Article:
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Solar Engineering of Thermal Processes Hardcover – August 25, 2006

ISBN-13: 978-0471698678 ISBN-10: 0471698679 Edition: 3rd

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Product Details

  • Hardcover: 928 pages
  • Publisher: Wiley; 3 edition (August 25, 2006)
  • Language: English
  • ISBN-10: 0471698679
  • ISBN-13: 978-0471698678
  • Product Dimensions: 1.6 x 7.5 x 9.2 inches
  • Shipping Weight: 3.5 pounds
  • Average Customer Review: 4.6 out of 5 stars  See all reviews (14 customer reviews)
  • Amazon Best Sellers Rank: #440,496 in Books (See Top 100 in Books)

Editorial Reviews

From the Back Cover

The updated, cornerstone engineering resource of solar energy theory and applicationsSolar technologies already provide energy for heat, light, hot water, electricity, and cooling for homes, businesses, and industry. Because solar energy only accounts for one-tenth of a percent of primary energy demand, relatively small increases in market penetration can lead to very rapid growth rates in the industry—which is exactly what has been projected for coming years as the world moves away from carbon-based energy production. Solar Engineering of Thermal Processes, Third Edition provides the latest thinking and practices for engineering solar technologies and using them in various markets.

This Third Edition of the acknowledged leading book on solar engineering features:

  • Complete coverage of basic theory, systems design, and applications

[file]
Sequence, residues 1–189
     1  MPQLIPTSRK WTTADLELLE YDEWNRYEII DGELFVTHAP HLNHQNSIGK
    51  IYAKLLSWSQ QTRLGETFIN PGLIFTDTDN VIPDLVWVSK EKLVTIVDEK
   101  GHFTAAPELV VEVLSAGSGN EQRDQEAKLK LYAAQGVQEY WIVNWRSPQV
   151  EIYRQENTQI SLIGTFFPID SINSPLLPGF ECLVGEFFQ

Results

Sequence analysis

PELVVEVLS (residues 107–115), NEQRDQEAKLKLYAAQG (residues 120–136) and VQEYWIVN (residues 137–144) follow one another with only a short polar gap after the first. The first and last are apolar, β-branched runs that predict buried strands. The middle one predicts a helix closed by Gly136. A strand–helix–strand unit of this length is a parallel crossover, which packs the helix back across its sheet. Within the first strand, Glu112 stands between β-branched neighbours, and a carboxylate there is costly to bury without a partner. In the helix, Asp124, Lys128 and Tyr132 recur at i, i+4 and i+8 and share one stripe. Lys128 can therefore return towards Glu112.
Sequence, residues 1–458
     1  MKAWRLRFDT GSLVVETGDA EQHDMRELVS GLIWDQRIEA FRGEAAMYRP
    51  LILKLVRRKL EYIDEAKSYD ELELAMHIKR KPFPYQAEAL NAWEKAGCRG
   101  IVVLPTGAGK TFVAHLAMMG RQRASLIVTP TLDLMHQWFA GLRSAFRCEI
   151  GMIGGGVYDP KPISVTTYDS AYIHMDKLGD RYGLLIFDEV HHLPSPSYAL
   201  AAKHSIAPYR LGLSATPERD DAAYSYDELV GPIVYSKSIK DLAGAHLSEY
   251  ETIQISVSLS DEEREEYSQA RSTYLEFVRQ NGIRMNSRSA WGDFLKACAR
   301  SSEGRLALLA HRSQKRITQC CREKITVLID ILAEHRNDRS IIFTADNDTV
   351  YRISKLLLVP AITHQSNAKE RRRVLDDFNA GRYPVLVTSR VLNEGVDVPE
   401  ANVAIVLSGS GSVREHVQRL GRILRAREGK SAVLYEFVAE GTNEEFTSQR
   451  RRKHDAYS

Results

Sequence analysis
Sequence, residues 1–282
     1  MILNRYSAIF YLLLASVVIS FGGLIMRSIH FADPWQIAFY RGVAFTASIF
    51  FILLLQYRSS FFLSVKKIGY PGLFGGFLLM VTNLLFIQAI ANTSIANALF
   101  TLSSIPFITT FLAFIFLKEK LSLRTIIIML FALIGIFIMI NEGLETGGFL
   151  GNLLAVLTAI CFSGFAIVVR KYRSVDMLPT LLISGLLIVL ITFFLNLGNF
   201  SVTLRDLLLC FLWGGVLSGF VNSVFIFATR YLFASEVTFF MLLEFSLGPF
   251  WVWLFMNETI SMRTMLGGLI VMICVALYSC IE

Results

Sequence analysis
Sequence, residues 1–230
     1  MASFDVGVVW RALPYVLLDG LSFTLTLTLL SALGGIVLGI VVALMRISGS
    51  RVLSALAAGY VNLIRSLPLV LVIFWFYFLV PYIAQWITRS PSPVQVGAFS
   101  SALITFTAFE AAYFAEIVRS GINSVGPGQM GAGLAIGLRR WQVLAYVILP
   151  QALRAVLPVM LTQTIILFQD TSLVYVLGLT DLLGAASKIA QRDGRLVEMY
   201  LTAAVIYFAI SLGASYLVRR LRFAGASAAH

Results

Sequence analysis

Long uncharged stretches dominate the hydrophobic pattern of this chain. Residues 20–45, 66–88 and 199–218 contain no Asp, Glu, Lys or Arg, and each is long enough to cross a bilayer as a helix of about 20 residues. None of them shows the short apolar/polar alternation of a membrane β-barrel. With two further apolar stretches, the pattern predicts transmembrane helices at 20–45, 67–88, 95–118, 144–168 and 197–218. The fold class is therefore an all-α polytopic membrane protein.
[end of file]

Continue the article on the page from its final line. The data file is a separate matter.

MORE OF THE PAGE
• Updated material on such cutting-edge topics as photovoltaics and wind power systems
  • New homework problems and exercises

About the Author

John A. Duffie (deceased) was Professor Emeritus of Chemical Engineering and past Director of the Solar Energy Laboratory at the University of Wisconsin–Madison.

William A. Beckman is the Ouweneel-Bascom Professor Emeritus of Mechanical Engineering and Director of the Solar Energy Laboratory at the University of Wisconsin–Madison.


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Customer Reviews

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Most Helpful Customer Reviews

29 of 30 people found the following review helpful By A Customer on April 4, 2000
Format: Hardcover
The second edition of "Solar Engineering..." is a much expanded and updated version of the original, which was already a decent textbook. It covers almost everything there is to know about engineering of solar energy systems, and the presentation is clear and well organized. The division into "basics" and "applications" sections is a very sensible way to get oriented before plunging into the depth of a specific technology, especially since solar thermal applications tend to cover a wide variety of technologies. The gradual and systematic approach makes this book a very good textbook for beginners. The wide scope makes it also a pretty good reference source for practitioners who are looking for a specific bit of information.
The new chapter on photovoltaic cells is a nice touch. While this is not a "thermal process," it is still important for any practitioner of solar thermal to know what's happening in the other corner of the field. A presentation of PV at the level that can be understood by non-physicists is a very welcome addition.